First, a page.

The law of his God is in his heart does not mean that his emotions are enthralled, but rather that his mind has grasped the logic of God’s pronouncements and has made a logical commitment to them. (“Heart” = “mind” in both Old and New Testaments: Prov. 2:2; Exod. 36:2; 1 Kings 3:9; Jer. 15:16; Luke 5:22; 24:25,32,38; Rom. 10:9; etc.)
The wicked watcheth the righteous, and seeketh to slay him (Psa. 7:2; 10:8,9). And even when there is no intention to kill, there is delight in character assassination.
The Lord will not leave him in his hand, nor condemn him when he is judged, i.e. by others: v. 32.
I have seen the wicked in great power. Literally, the text has been interpreted to read: “causing oppression” (aritz). But probably it should read: “in the Land” (eretz), thus to conform to the fig tree parable (see Par. 6 below): This is the great tree in the “Land”.

RV, NIV: Like a green tree in its native soil. This figure of a wicked nation is not a “bay” tree but a “fig”! These words foretell the Lord’s cursing of the fruitless fig tree: Matt. 21:18-22; Mark 11:12-14,20-22; cp. Hos. 9:10,16,17; Ezek. 17:24; Mic. 7:1. This RV and NIV (“native soil”) reading anticipates “dried up from the roots”. And “I passed by” (v. 36, LXX) = “as they passed by” (Mark 11:20). Also, “wait on the Lord” (v. 34) = Christ’s admonition, “Have faith in God” (Mark 11:22; Matt. 21:21). And “cut off” (v. 34) suits the New Testament situation perfectly.
Yet he passed away, and, lo, he was not: yea, I sought him, but he was not to be found. The wicked passes off the scene, leaving no permanent monument or reminder — like the beasts which perish (Psa. 49:11,12,20). In keeping with the fig tree motif, Jesus said, “Every plant which my heavenly Father hath not planted shall be rooted up” (Matt. 15:13; cp. 3:10; 7:19).
The end of the wicked shall be cut off. Contrast v. 37b.
Because they take refuge in him (RV). That “because” says that the very act of seeking this divine refuge gives a title to protection. Compare Psalms 16:1; 57:1; 91:9,10; and hence 2:12.

6. New Testament links

The third “beatitude” (Matt. 5:5) is, of course, the New Testament equivalent of the entire psalm. The hymn book version is in Hymns 8 and 37. Besides vv. 35 and 36 (Mark 11:20, already mentioned), there seem to be other matching ideas in these Old and New Testament scriptures:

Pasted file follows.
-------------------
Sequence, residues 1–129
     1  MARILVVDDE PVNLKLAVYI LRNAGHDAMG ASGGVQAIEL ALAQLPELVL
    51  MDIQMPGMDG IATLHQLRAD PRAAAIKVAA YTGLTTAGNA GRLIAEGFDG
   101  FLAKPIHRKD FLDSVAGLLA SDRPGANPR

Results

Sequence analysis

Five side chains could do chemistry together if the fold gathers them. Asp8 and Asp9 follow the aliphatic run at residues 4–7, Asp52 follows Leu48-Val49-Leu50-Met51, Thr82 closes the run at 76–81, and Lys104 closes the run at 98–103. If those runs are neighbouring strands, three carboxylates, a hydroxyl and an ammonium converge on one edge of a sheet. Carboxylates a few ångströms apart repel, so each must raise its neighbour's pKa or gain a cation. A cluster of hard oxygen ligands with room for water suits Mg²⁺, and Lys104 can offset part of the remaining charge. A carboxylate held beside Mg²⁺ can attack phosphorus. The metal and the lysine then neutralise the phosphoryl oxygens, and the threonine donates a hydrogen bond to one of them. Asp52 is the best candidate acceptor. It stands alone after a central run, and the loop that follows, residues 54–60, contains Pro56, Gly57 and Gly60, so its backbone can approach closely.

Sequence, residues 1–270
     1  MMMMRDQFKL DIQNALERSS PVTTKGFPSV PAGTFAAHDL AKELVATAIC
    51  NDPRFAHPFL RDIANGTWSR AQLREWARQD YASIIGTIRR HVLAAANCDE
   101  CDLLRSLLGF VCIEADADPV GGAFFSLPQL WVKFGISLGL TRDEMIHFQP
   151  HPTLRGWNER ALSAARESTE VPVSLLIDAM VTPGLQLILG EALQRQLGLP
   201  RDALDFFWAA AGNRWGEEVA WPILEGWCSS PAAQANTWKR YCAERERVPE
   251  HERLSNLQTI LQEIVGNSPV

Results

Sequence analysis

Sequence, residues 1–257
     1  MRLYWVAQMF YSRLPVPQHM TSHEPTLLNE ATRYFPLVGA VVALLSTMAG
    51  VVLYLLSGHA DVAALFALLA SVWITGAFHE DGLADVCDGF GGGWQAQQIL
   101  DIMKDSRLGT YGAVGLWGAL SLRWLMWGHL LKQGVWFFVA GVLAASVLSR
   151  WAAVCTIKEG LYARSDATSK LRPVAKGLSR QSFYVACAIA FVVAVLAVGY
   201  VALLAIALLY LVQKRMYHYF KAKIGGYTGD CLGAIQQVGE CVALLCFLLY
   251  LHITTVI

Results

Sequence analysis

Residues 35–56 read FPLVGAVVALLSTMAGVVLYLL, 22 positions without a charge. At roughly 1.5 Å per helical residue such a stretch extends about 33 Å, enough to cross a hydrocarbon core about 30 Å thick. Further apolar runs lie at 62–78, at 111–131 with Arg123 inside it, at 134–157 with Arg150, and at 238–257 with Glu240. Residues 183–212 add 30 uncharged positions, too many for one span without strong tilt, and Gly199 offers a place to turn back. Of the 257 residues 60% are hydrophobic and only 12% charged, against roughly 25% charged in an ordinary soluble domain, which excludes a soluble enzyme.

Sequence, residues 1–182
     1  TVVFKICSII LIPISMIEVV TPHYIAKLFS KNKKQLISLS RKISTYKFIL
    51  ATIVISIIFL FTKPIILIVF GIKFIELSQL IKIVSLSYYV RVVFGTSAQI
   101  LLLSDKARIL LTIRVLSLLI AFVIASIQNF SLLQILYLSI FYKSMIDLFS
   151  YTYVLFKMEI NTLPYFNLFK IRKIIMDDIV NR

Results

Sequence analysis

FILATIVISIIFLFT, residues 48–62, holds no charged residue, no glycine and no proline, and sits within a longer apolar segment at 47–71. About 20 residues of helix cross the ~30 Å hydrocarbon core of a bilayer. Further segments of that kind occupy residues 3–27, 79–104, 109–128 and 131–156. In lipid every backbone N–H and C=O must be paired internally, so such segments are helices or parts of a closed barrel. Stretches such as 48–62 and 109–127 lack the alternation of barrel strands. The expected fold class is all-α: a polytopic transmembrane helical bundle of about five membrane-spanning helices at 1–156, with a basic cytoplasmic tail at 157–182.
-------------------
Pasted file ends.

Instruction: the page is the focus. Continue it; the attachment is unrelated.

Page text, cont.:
Mark 11

Psalm 37
What things soever ye desire, when ye pray....
Commit thy way unto the Lord....he shall bring it to pass.
This mountain removed.... cast into the sea.
Yet a little while, and the wicked shall not be.
[They] sought how they might destroy him.
The wicked plotteth against the just.

Should not this psalm also be read as a picture of the self-discipline and reassurance of Jesus as his ministry progressed to seeming failure and destruction?

7. Analysis

An analysis of Psalm 37 may be especially useful, because of its repetitive character:

Towards the Lord:

Trust in Him and do good: 3.
Delight in Him: 4.
Roll upon Him: 5.
Rest in Him: 7.
Wait patiently for Him to help: 7.
Permit Him to direct your steps: 23.

Towards self:

Cease from anger, forsake wrath: 8.
Do not fret to do evil: 8,27.
Show mercy and liberality: 21,26.
Speak wisdom and talk of judgment: 30.
Preserve the Law of God in your heart: 31.
Draw close to those who are like-minded: 37.

Towards the world:

Fret not because of evildoers: 1.
Heed not the prosperity of the wicked: 7.

How the Lord will treat the wicked:

He will cut down the proud: 2.
He will laugh at them: 13.
He will destroy the power of the wicked: 17.
He will consume them as sacrifices: 20.
He will cut off their seed: 28.
He will destroy transgressors: 38.

How the Lord will preserve the righteous:

He will vindicate them before all mankind: 6.
He will cause them to inherit the earth forever: 11,29.
He will uphold and preserve them: 17,28.
He will exalt them: 34.
He will give them lasting peace: 37.
He will provide strength in time of trial: 39.
He will help, deliver, and save them: 40.

8. Postscript

To God thy way commending,
        Trust Him whose arm of might,
The heav’nly circles bending,
        Guides every star aright:
The winds, and clouds, and lightning,
        By His sure hand are led.
And He will, dark shades bright’ning,
        Shew thee what path to tread.

Trust God, His time awaiting,
        If thou wilt have success,
Work, His work contemplating,
        That He thy work may bless:
Whate’er is worth thy getting
        By prayer thou shalt obtain
And not by anxious fretting,
        Or self-inflicted pain.

Thy love, O Father, gloweth
        With zeal for mortals’ good,
And what is hurtful knoweth
        To human flesh and blood:
Our future Thou foreseest,
        And, through Thy strong right hand,
The counsel Thou decreest
        Shall ever firmly stand.

End, if Thou wilt, our sorrow,
        And our probation close;
Till then, Lord, fain we’d borrow
        Strength to support life’s woes;
To Thee our way commending,
        Whose wisdom orders best,
We’ll tread the pathway tending
        To Thy eternal rest.

Paul Gerhardt